Movie Review: ParaNorman

Norman of "ParaNorman"

By Kimberly Gadette (doddleNEWS)

Norman’s got a lot riding on his underdeveloped, 11-year-old shoulders in ParaNorman, the second 3D stop-motion animated feature from Laika. Following 2009’s Coraline – a strong success with both the critics and the box office – it seemed that the stop-motion studio Laika, based in a suburb west of Portland, Oregon, was carving a highly unique niche for itself. But when Coraline‘s writer/director stop-motion whiz Henry Selick left the studio eight months after the film’s release (in October 2009), future projects seemed questionable … at least until May 2011, when Laika officially announced its plans for ParaNorman.

And speaking of the “Para” title character: Norman (voiced by Kodi Smit-McPhee) lives with his family in the small Massachusetts town of Blithe Hollow, which is about to commemorate the 300-year anniversary of the burning of the historic town witch. Norman’s a good-hearted, awkward tween who sports spiked hair and thick eyebrows that look to be molded out of chocolate licorice. He’s more off-kilter than most, particularly since he’s more comfortable conversing with dead people than his family or his school mates. His abnormal paranormal Uncle Prenderghast (voiced by John Goodman) warns him that Blithe Hollow’s rumored witch’s curse is true… and that it will be up to Norman to bridge the communications between this world and the other, in the hopes that he can calm the witch, stop the curse and save the town. If only zombies could stay off the streets, Norman’s task would be a whole lot easier.

Like Coraline, ParaNorman is a PG-rated children’s fantasy/horror film. But unlike the former — which was based on Neil Gaiman’s blisteringly creative 2002 award-winning novella – this time around Laika chose to go with a screenplay written by in-house storyboard supervisor Chris Butler. Whether or not Mr. Butler proves himself to be an enduring talent … this first screenplay ultimately disappoints.

And yet, the opening act is packed with eye-filling treats. We see the town as others might, with Norman nodding and talking to thin air. Then the camera revolves, and we’re transported into Norman’s point-of-view … where phosphorescent beings crowd his world, hovering in various modes of dress, manner and speech. There are humorous bits such as Grandma haunting the couch, Norman’s love of all horror props, posters and toys, and the tangible squish when he climbs on to the stomach of a large dead man. The filmmakers beautifully depict the fabric of time disintegrating from today to a 300-year-old past and, most impressive, create an ingeniously clever toilet stall scene which — per the production notes — took one year to shoot.

The Babcock Family

The characters are deliciously drawn (face, anatomy, clothes), and Laika’s stop-motion techniques continue to push the industry ever-forward. Such as the fact that due to Laika’s “Rapid Prototyping,” millions of character facial expressions can now be created and printed on 3D printers, ultimately employing a far more nuanced animation. Quoting Creative Supervisor of Replacement Animation & Engineering Brian McLean, “While Coraline Jones had well over 200,000 potential facial expressions, Norman Babcock has 1.5 million – allowing for a seemingly limitless variety of smiles, frowns, winces, and screams.”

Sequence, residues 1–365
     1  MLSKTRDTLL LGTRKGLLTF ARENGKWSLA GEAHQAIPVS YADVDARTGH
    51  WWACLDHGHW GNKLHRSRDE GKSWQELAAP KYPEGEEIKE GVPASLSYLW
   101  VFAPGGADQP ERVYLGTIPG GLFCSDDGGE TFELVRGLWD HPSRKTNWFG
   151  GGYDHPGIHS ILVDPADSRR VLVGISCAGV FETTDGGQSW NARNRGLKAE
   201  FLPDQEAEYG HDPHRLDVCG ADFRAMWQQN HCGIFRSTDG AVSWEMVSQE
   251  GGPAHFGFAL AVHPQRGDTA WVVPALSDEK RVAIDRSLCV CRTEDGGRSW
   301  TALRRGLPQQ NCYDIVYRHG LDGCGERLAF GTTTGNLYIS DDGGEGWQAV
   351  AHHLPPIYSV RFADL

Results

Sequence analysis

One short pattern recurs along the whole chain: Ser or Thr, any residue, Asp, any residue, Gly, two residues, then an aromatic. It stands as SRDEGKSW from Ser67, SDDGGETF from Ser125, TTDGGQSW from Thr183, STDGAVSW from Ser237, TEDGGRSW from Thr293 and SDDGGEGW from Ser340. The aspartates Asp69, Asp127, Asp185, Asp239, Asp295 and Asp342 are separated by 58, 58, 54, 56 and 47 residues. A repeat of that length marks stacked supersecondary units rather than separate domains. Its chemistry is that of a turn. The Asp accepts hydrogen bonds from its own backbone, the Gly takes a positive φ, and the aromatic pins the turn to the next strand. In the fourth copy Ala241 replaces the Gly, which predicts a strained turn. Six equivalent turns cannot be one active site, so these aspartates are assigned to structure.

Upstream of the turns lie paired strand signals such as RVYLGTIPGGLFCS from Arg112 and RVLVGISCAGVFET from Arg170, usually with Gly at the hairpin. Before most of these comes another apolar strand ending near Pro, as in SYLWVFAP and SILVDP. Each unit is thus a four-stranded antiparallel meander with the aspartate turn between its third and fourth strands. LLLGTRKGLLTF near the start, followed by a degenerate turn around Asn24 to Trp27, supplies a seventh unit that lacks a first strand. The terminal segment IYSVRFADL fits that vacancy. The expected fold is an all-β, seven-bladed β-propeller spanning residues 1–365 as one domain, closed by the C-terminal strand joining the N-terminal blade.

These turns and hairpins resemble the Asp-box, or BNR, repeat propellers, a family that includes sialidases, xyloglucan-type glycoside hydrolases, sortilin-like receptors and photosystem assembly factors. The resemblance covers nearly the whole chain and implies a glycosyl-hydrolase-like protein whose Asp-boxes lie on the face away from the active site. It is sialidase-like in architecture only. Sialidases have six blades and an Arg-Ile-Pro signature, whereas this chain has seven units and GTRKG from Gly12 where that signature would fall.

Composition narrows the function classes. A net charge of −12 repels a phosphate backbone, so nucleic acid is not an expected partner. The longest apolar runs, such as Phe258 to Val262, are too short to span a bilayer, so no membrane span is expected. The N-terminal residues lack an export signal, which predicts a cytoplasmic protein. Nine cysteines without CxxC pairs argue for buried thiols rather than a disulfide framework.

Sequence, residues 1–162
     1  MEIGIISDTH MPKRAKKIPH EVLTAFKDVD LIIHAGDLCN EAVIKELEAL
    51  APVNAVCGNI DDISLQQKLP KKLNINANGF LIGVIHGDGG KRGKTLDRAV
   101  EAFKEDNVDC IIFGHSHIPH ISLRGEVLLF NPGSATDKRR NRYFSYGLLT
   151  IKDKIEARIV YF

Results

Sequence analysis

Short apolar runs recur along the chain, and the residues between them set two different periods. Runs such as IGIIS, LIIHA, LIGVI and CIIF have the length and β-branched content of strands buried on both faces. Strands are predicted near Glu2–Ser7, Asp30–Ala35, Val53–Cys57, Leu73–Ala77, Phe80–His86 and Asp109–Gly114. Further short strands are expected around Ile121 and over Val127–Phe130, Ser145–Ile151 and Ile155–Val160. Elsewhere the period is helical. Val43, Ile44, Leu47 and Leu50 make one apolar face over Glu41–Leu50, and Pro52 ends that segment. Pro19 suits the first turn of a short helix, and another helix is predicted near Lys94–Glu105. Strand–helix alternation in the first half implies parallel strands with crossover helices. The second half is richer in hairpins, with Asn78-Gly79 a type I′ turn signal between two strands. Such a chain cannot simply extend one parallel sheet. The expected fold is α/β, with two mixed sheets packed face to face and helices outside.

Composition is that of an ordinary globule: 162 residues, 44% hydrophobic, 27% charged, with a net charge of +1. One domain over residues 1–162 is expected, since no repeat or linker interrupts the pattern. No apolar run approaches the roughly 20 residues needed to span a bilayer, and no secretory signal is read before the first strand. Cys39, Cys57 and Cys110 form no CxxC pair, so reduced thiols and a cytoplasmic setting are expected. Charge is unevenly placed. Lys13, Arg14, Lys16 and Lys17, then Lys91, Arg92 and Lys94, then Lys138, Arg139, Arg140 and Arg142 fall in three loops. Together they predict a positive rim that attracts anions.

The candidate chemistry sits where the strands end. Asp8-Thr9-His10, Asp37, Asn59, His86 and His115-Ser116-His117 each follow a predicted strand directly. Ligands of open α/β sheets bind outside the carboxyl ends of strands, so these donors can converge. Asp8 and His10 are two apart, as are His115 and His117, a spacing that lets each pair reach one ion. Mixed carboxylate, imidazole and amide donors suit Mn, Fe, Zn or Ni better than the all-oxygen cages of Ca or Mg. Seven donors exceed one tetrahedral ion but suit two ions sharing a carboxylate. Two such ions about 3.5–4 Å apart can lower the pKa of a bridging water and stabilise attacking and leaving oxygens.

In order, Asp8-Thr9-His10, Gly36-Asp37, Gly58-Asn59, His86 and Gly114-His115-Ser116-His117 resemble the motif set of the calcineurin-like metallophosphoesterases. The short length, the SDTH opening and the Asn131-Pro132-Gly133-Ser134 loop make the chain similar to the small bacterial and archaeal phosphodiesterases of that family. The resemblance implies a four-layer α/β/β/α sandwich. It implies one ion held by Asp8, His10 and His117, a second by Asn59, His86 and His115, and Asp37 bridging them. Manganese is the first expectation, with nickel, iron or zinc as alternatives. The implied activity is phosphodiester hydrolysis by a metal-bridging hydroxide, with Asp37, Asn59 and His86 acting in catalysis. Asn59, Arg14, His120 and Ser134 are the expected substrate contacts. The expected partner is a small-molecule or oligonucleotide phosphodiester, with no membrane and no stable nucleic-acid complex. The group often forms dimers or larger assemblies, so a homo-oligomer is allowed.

But as wonderful as it is that the characters’ facial structures can be manipulated to the umpteenth degree, those characters still need to exist within a compelling story. After the entertaining set-ups, a great portion of the movie’s second half is engaged in chase sequences, usually involving zombies chasing the rag-tag group of unwilling heroes: Norman, his tubby faithful friend Neil (Tucker Albrizzi), his snotty older sister Courtney (Anna Kendrick), the middle school bully-turned-coward Alvin (Christopher Mintz-Plasse) and muscle-bound, IQ-lightweight Mitch (Casey Affleck).

For all the zombies’ continual lurching attack mode, when the leader finally speaks, he claims that his ghoulish gang has no intention of hurting anyone. Which would seem as nonsensical to adults as much as kids, considering all the zombies’ previous actions. As for the third act visuals that are ramped up to an overheated hoo-ha, when the smoke finally clears, we’re left with a climax that flames out.

“It’s not fair,” Norman’s whiny teenage sister might decry. Compared to Coraline’s wild plot, outré characters (the captivating Russian acrobat Mr. Bobinsky, the histrionic Misses Spink and Forcible, their wacky Scotties), the frightening button eyes or the amazing set pieces such as the cotton candy-esque tunnel traversing Coraline’s two worlds … ParaNorman would have had to muster up some fairly hefty witchcraft to avoid a sophomore slump.

Ah, magic … sometimes it’s there, sometimes it’s not. Here’s hoping for more Laika alchemy in the near future.


Rating on a scale of 5 average mediums: 2.5

Release date: August 17, 2012
Directed by: Chris Butler and Sam Fell
Written by: Chris Butler
Cast: Kodi Smit-McPhee, Tucker Albrizzi, Anna Kendrick, Casey Affleck, Christopher Mintz-Plasse, Leslie Mann, Jeff Garlin, Elaine Stritch, Tempestt Bledsoe, Alex Borstein, John Goodman
Rating: PG
Running Time: 93 minutes

About Kimberly Gadette

Film critic Kimberly Gadette, born and raised in movie-centric L.A., believes celluloid may very well be a part of her DNA. Having received her BA and MFA from UCLA's School of Theater, Film & Television, she spent many of her formative years as an actress (film, tv, commercials, stage) before she literally changed perspective, finding a whole new POV from the other side of the camera. You can find her last 500+ reviews on Rotten Tomatoes ( Other than taking the occasional side trip to Cannes or Sundance, you can find her at the movies ... sitting in the dark as usual.